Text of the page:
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CNN SUNDAY MORNING
Wildfires Rage in the West; Tourist Attraction Stuck in Sky High Above Baltimore
Aired July 18, 2004 - 07:00 ET
THIS IS A RUSH TRANSCRIPT. THIS COPY MAY NOT BE IN ITS FINAL FORM AND MAY BE UPDATED.
BETTY NGUYEN, CNN ANCHOR: Well, good morning from the CNN Center in Atlanta. This is CNN SUNDAY MORNING. It is July 18. Welcome, I'm Betty Nguyen.
DREW GRIFFIN, CNN ANCHOR: And I'm Drew Griffin. Thanks for being with us on this Sunday morning. Here's what we have for you this hour.
In the line of fire, ferocious flames gaining ground in 10 Western states this morning. Just ahead, we're going to tell you what fire crews are doing to beat back blazes.
And there's this in Baltimore. A wild ride in the sky. What should have been a fun day became something quite different. We're going to bring you details of how this all ended up.
And you might not believe who's writing for "TIME". We're going to introduce you to the magazine's newest political correspondent. No kidding.
But first, here's what's happening now in the news.
NGUYEN: Charles Jenkins arrived in Tokyo today for a medical treatment. There he is in this video. Jenkins is a former U.S. Army Sergeant accused of defecting to North Korea some 39 years ago. The State Department says Jenkins is seen as a deserter. He's charged with serious offenses. And the U.S. will seek custody of him.
The U.S. military launched air strikes overnight on a house in the volatile city of Fallujah. The Associated Press reports at least 10 people in that house were killed. No details just yet, but U.S. planes have attacked suspected safe houses of terror mastermind Abu Musab al-Zarqawi in the past. We will have a live report from Iraq in about 30 minutes.
Philippine troops pack up to move out. Those still in Iraq will leave tomorrow, driving in convoy to Kuwait for a flight to Manila. The small contingent is leaving a month earlier than scheduled in response to kidnappers threats to kill a Filipino hostage.
And the world's biggest commercial telecommunications satellite has been boosted into orbit by a rocket launched from French Guyana. The six ton satellite is owned by Telesat of Canada. And it'll ensure high speed Internet access in a large section of North America. Keeping you informed, this is CNN, the most trusted name in news. GRIFFIN: Our top story this hour, the devastating wildfires racing across parts of the West. This blaze is in Riverside County, 90 miles east of Los Angeles. It's forced about 2,000 people from their homes. An evacuation center is set up at a local high school.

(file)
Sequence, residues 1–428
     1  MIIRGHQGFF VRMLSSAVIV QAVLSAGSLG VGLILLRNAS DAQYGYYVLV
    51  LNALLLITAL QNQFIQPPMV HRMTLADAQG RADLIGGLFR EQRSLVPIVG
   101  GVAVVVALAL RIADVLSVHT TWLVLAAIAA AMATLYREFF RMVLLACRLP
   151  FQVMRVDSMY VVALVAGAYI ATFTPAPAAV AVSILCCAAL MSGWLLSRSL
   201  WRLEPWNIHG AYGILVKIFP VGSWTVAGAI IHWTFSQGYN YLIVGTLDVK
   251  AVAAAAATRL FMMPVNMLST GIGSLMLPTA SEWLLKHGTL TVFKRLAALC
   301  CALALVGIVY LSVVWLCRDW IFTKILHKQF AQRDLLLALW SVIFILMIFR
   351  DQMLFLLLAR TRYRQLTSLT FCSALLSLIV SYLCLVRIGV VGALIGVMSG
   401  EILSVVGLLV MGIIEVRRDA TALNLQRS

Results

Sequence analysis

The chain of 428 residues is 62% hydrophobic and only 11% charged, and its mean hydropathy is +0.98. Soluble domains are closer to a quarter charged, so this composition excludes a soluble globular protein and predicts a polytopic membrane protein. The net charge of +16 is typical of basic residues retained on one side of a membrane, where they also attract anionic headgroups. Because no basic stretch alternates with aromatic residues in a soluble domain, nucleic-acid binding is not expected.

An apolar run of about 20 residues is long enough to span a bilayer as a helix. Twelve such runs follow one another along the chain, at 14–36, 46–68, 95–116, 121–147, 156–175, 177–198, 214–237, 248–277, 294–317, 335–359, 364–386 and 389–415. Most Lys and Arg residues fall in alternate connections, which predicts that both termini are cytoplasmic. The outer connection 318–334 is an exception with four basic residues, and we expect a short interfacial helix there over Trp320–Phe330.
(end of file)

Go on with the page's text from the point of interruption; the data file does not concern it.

A fire department official says the fire broke out Saturday, scorched more than 3,000 acres just by late last night. It's just one of dozens of fires burning in California this week. And officials say nearly 38,000 acres have now burned there.
Next door in Nevada, some firefighters are being sent home after crews gained the upper hand on a wind driven fire that briefly threatened the governor's mansion.
CNN's Ted Rowlands has that story from Carson City.
ROWLANDS (voice-over): Firefighters say the needed break came late Friday, when the wind changed in their favor, enabling ground crews and air crops to beat down the flames.
16 homes have burned to the ground. Dozens of others had flames come to within feet, but were saved by firefighters. Those working the fires say air tankers, which are capable of dropping more than 2,000 gallons of water or retardant played a key role in fighting this blaze.
UNIDENTIFIED FEMALE: And they dumped a lot of retardant. And if we didn't have the tankers get up there and be able to do that, it would have been really tough.
ROWLANDS: Thirty-three tanker planes in the western region were effectively grounded earlier this year, including these at an airfield in Mindon (ph), Nevada, which ironically, is just 10 miles from Carson City.
LEONARD PARKER, TANKER OPERATOR: And the airplanes are ready to go. The crews are in place.
ROWLANDS: Leonard Parker and a handful of other small tanker operators had their contracts with the U.S. Forest Service canceled without warning or explanation. The Forest Service will not comment on why, but many think the decision to cancel was a reaction to a pair of 2002 tanker crashes blamed on structural failures in aging aircraft.
Parker, who says he's upset with that decision, says his planes are safe and ready to fly.
PARKER: We feel in good faith to the public that we have to stay ready to go. And that's what we're doing.
ROWLANDS: Before the tankers can go back to fighting fires, the Forest Service must inspect each plane, a time consuming process. Just six of the planes are back flying. Nevada Governor Kenny Guinn says he's like to see them, if they pass inspection, in the air as soon as possible.